Tag Archive | job

“O that there were a mediator between us!”

For He is not a man as I am that I may answer Him, That we may go to court together. There is no umpire [daysman] between us, Who may lay his hand upon us both. Let Him remove His rod from me, And let not dread of Him terrify me.” (Job 9:32-34).

Job is thought to be one of the oldest written books of the Bible, and its events some of the oldest as well, its events occurring possibly pre-Exodus during the patriarchal age. Possibly 2000BC.

We know Job was a righteous man (Job 1:1, 1:8, Ezekiel 14:14). He abhorred sin. He mediated for his family in priestly functions, He devoted himself to the one True God. He knew Yahweh, and Job knew enough to be terrified.

Job is complaining that though he knows the depravity of his sin, God is so far above man and so terrifying that Job wished there was an arbiter, or an umpire, between them to advocate for him in God’s holy court. Yet who could that be? A mere man might be a good arbiter for Job but no mere man can stand before God. So, who? Who can lay his hand on both man and God?

We know that it was God’s providential plan to send Jesus, the God-Man. The cross is that bridge which re-unites man and God after the dreadful separation that occurred in the Garden. It is Jesus who lays His hand on both man, and God. Amen!

Jesus was fully man, but not an ordinary man. He had to live a sinless life so that His sacrifice at Calvary would be perfect, his blood shedding for man in obedience to God. He did so. He fulfilled it all and it was finished at the cross.

They laid His body in a borrowed tomb. It lay there scarred and wrapped and alone in the dark. Then on resurrection morning, He arose! It is finished, and there He comes, ascending back to glory, having fulfilled ALL.

daysman—“mediator,” or “umpire”; the imposition of whose hand expresses power to adjudicate between the persons. There might be one on a level with Job, the one party; but Job knew of none on a level with the Almighty, the other party (1 Sa 2:25). We Christians know of such a Mediator (not, however, in the sense of umpire on a level with both)—the God-man, Christ Jesus (1 Ti 2:5).

Jamieson, R., Fausset, A. R., & Brown, D. (1997). Commentary Critical and Explanatory on the Whole Bible (Vol. 1, p. 318). Oak Harbor, WA: Logos Research Systems, Inc.

God. Let us not make ourselves equal with God, but always eye him as infinitely above us. [2.] That there was no arbitrator or umpire to adjust the differences between him and God and to determine the controversy (v. 33): Neither is there any days-man between us. This complaint that there was not is in effect a wish that there were, and so the Septuagint reads it: O that there were a mediator between us! Job would gladly refer the matter, but no creature was capable of being a referee, and therefore he must even refer it still to God himself and resolve to acquiesce in his judgment.

Our Lord Jesus is the blessed days-man, who has mediated between heaven and earth, has laid his hand upon us both; to him the Father has committed all judgment, and we must. But this matter was not then brought to so clear a light as it is now by the gospel, which leaves no room for such a complaint as this.

Henry, M. (1994). Matthew Henry’s commentary on the whole Bible: complete and unabridged in one volume (p. 675). Peabody: Hendrickson.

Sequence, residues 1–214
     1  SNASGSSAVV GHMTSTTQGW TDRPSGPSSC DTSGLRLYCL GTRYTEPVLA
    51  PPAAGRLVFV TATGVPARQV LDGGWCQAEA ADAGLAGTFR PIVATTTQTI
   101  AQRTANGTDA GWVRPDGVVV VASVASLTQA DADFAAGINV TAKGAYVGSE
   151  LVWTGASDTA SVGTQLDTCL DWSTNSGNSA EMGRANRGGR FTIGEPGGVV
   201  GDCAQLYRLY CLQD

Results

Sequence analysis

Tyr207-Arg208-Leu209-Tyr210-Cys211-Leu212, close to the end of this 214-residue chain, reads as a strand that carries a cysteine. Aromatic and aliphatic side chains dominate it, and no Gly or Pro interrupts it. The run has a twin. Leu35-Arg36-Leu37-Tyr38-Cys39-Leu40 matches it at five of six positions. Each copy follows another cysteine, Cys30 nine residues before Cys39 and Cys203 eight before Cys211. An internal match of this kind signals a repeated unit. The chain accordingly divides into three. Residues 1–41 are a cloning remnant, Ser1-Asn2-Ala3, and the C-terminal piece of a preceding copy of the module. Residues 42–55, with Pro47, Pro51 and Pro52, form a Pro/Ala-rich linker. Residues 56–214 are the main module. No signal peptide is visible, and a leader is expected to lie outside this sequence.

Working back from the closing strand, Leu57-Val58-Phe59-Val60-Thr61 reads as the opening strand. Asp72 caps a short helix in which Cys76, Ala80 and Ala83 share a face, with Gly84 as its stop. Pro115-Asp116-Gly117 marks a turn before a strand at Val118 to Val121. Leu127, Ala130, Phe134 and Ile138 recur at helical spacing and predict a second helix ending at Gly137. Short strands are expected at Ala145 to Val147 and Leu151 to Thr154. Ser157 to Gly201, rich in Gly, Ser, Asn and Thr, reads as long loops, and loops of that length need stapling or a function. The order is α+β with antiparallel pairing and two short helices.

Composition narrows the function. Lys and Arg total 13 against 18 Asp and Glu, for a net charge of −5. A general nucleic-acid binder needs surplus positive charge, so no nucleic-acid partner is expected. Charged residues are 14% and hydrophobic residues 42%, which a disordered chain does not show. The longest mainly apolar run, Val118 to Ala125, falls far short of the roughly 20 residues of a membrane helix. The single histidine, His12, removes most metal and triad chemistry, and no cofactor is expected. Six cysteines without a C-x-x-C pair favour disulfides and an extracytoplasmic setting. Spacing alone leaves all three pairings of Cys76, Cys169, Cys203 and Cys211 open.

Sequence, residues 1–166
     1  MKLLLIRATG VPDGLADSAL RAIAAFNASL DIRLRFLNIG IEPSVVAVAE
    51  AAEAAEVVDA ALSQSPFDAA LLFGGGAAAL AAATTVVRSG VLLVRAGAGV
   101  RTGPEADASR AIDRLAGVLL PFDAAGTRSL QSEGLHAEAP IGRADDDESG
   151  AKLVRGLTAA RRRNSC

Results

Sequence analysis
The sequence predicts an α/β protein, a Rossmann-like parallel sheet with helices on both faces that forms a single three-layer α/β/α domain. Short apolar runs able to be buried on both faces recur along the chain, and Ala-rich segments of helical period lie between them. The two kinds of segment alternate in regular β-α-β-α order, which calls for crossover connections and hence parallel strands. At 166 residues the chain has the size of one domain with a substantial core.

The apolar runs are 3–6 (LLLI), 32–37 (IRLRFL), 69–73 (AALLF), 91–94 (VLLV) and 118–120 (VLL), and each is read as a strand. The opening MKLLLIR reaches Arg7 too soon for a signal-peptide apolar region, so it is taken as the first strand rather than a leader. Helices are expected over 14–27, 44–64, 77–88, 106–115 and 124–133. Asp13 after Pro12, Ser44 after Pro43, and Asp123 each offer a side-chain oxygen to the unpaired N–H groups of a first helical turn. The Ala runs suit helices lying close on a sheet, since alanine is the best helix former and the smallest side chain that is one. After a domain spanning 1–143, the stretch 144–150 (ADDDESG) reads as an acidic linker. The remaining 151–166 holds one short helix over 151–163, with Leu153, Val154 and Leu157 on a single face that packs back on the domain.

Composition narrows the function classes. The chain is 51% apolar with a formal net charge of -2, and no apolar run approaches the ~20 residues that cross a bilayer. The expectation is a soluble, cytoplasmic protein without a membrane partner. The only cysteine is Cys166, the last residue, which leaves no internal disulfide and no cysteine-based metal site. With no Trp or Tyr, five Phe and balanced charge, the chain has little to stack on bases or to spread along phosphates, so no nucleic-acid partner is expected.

Praise God for His Gospel, His mediator, His plan! Praise God that He resurrected Jesus from the dead, forevermore to be our Savior. For He is no longer in the tomb, He is alive, He is not there, He has risen!

risen easter

Bible Reading Plan thoughts: Sleepless Job

Our Bible Reading Plan brings us to Job 7-8 today. Poor Job!

When I say, ‘My bed will comfort me, my couch will ease my complaint,’ then you scare me with dreams and terrify me with visions, so that I would choose strangling and death rather than my bones. (Job 7:13-15)

Job is so tormented he can’t even relieve his daytime suffering through sleep or rest. He tosses so badly with the specter of visions and dark thoughts that he would rather choose death.

Not to compare my sufferings with Job’s but I was in a period almost 20 years ago where I was daily tormented and in the night, I could not sleep. I’d close my eyes and toss and turn and my mind would not turn off and I relived all the agonies of the day all over again. If the sleep was there, it was shallow.

I was working 16-18 hours in the day and I’d soooo yearn for sleep and a refreshing rest, that I’d eagerly look forward to a good sleep. But I never got it.

sleep

Perplexed as to my nightly torments, even on vacation,
I took a photo in wonderment of my visible struggle.

Even on vacation far away from the place of my troubles and cares, I’d toss so that the bed clothes would veritably be twisted in an abhorrent embodiment of the agonies I was enduring even while unconscious. It got so that when bed-time arrived, I’d just stand at the bed and glare at it, as if it was a bed of nails, it being a punishing enemy and not the welcoming friend it should be.

After a while with struggle so deep and relief nowhere to be found, even in unconsciousness, I can well understand Job’s feeling.

Thankfully, our seasons of struggle do not last forever, if we are in Christ. Job did not know that God had already pronounced him blameless. (Job 1:8). The Preacher Solomon reminds us that there is a season for everything (Ecclesiastes 3:1-8) but he also said that

no one can fathom what God has done from beginning to end. (Ecclesiastes 3:11b).

As far as we know, Job never knew about God’s conversation with satan. He never knew about the activity regarding him that occurred in the heavenlies and perpetrated by demons against him on earth. The point of the book of Job was to vindicate God’s integrity and His wisdom, not Job’s. Job’s  task was to persevere in trusting God through it all.

And so it was.

Bible Reading Plan thoughts: Eliphaz v. Job

Our Bible reading today brings us to Job 5-6

Eliphaz rebukes Job
Behold, blessed is the one whom God reproves;
therefore despise not the discipline of the Almighty. …
Behold, this we have searched out; it is true.

Hear, and know it for your good
(Job 5:17, 27)

Job’s physical misery was extreme, his wife was tempting him, and now Job had to deal with his friend’s insensitive advice. Oy. With friends like Eliphaz, who needs enemies?

In the Bible Gateway list of All Named Men of the Bible, (they also have lists of unnamed men, and the same for women, it’s a handy list!) they describe Eliphaz thus: